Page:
8. The learned District Judge paraphrased one legal maxim in terms of another equally vague and more loosely worded. Exhibit P-1 the contract of sale has been found to be true and valid and its wholesale denial by the defendants has been found to be false. The transfer of the leasehold interest to the plaintiff, the attorn-ment of the tenant of the land to him and the purchase of stamp papers by the plaintiff are all found to be true by the learned District Judge himself. He however was of the opinion that the plaintiff and some of the attestors to Ex. P-1 gave an exaggerated, and in part, an unacceptable version of the part played by defendant 1 in connection with the execution of EX. P-1 and the receipt of the advance of Rs. 150. He disbelieved the story of a temporary estrangement between the husband and wife at the time of the contract and held that they were living amicably in the same house with perfect conjugal felicity. The husband was espousing the wife's cause and conducting the case in her interest. Notwithstanding these facts, the plaintiff, it is said, has not come to Court with a 'true case and clean hands'. The cleanest of hands sometimes get soiled in their passage through Courts on account of the over anxiety of parties and their advisers and occasionally on account of the imperfections of human judgments also. The phrase 'with clean hands' is not a statement of any definite legal principle. 'This does not mean a general depravity; the conduct complained of must have an immediate and necessary relation to the equity sued for; it must be a depravity in a legal as well as in a moral sense'--See Halsbury, vol. 13, para. 81. A mere phrase or jingle of words sometimes gains currency as a legal principle by repetition but it can hardly form the basis of a judicial pronouncement.
9. The learned District Judge disallowed specific performance on the ground that the preliminary negotiations were carried on with the husband, that the wife was an illiterate lady and, that the plaintiff was a vakil's clerk and a broker. Neither sympathy for the weaker sex nor aversion to the tribe of vakils' clerks is a ground for refusing relief to parties who are legally entitled thereto. It is not pretended that defendant 1 was a purdanashin lady. Her husband was a merchant carrying on business and she was also doing, according to the evidence of her side, a small trade in oil in her own house. The trial Judge who recorded her deposition stated:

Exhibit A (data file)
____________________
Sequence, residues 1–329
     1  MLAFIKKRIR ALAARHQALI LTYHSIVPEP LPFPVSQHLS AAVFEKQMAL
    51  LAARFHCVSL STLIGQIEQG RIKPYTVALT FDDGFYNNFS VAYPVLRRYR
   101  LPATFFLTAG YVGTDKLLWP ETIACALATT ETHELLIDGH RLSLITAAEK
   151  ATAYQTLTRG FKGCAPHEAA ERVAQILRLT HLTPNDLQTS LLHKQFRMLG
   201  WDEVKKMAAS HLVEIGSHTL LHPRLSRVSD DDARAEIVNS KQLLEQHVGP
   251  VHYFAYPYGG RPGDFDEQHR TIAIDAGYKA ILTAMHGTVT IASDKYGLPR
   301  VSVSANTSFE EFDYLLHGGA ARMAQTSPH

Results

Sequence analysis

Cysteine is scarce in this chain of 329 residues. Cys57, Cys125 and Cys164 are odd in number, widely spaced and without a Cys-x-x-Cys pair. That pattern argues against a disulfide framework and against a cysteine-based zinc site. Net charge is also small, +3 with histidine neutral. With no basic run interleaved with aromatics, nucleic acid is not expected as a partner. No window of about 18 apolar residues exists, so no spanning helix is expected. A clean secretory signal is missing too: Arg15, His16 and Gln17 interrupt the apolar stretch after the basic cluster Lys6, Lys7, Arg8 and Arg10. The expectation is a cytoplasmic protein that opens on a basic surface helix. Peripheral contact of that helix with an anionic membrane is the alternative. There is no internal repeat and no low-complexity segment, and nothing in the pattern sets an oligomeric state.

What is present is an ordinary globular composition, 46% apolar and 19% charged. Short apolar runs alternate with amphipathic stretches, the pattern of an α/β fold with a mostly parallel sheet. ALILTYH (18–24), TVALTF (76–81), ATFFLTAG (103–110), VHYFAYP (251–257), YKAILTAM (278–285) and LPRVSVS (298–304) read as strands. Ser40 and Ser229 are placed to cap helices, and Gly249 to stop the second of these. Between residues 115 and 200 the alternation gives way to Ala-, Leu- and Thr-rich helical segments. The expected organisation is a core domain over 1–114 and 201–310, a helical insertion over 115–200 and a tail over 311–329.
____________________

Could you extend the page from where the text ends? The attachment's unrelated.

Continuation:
'Jagadambal did not look like a person unable to look after herself of her interests or devoid of a sense of inquisitiveness in respect of such a serious transaction which called for the affixture of her thumb impressions . . . She could not have been fooled to part with her lands merely on the procurement by deceitful means of an agreement to sell..... I have refused to believe the case of Jagadambal as to the circumstances under which her thumb impressions came on to this document, Ex. P-1. I have also given reasons as to why the husband could not possibly have either been able to fool his wife or had motives to cheat her.'
This lady with a resourcefulness and imagination, which few adult males could command, tried bravely to maintain from the witness box an incredible story which has been disbelieved by the lower Courts. If her evidence were true, there was no contract at all to which she was a consenting party, and even if there was such a contract, it was vitiated by the fraudulent misrepresentation of her husband and the plaintiff, and therefore liable to be rescinded. The lower appellate Court however has by its decree affirmed the validity of the contract and its enforceability by awarding damages and other reliefs.
10. The next reason given by the learned District Judge for disallowing specific performance was the omission of a reference to a well that existed on the punja land in the contract for sale Ex. P-1. Says the learned Judge :
'It has been held that in a suit for specific performance where the plaintiff claims something which is not in the document sought to be specifically enforced, he cannot be given specific performance along with that additional thing. Of course, the reason for this is 'He who seeks equity must do equity.'
Except this maxim, which is repeated in the judgment no other authority has been cited by the learned District Judge. It is not stated whether the well had any appreciable value or whether, as sometimes happens, it was a mere pit or depression. This point was developed from a stray passage in the oral evidence about the existence of a well and was not put forward as a ground for resisting specific performance in the trial Court. When a punja land is conveyed for its full value, a well situated on the land would presumably pass along with the land unless expressly excepted by the conveyance.
11. The next reason assigned by the learned Judge is best stated in his own words :
'Again in a suit for specific performance, specific performance will be granted only when there is mutuality, that is, when either side could apply for specific performance of the contract. Here, the plaintiff insisted, in Ex. P-1, that Jagadambal should, at her expense, obtain an encumbrance certificate in respect of the suit lands within a month and produce it. and that the plaintiff was only bound to buy the lands after such production. So, specific performance could not be got against him by her under Ex. P-1 without fulfilling that condition. It is, therefore, not quite right to give him the right to specific performance under Ex. P-1.'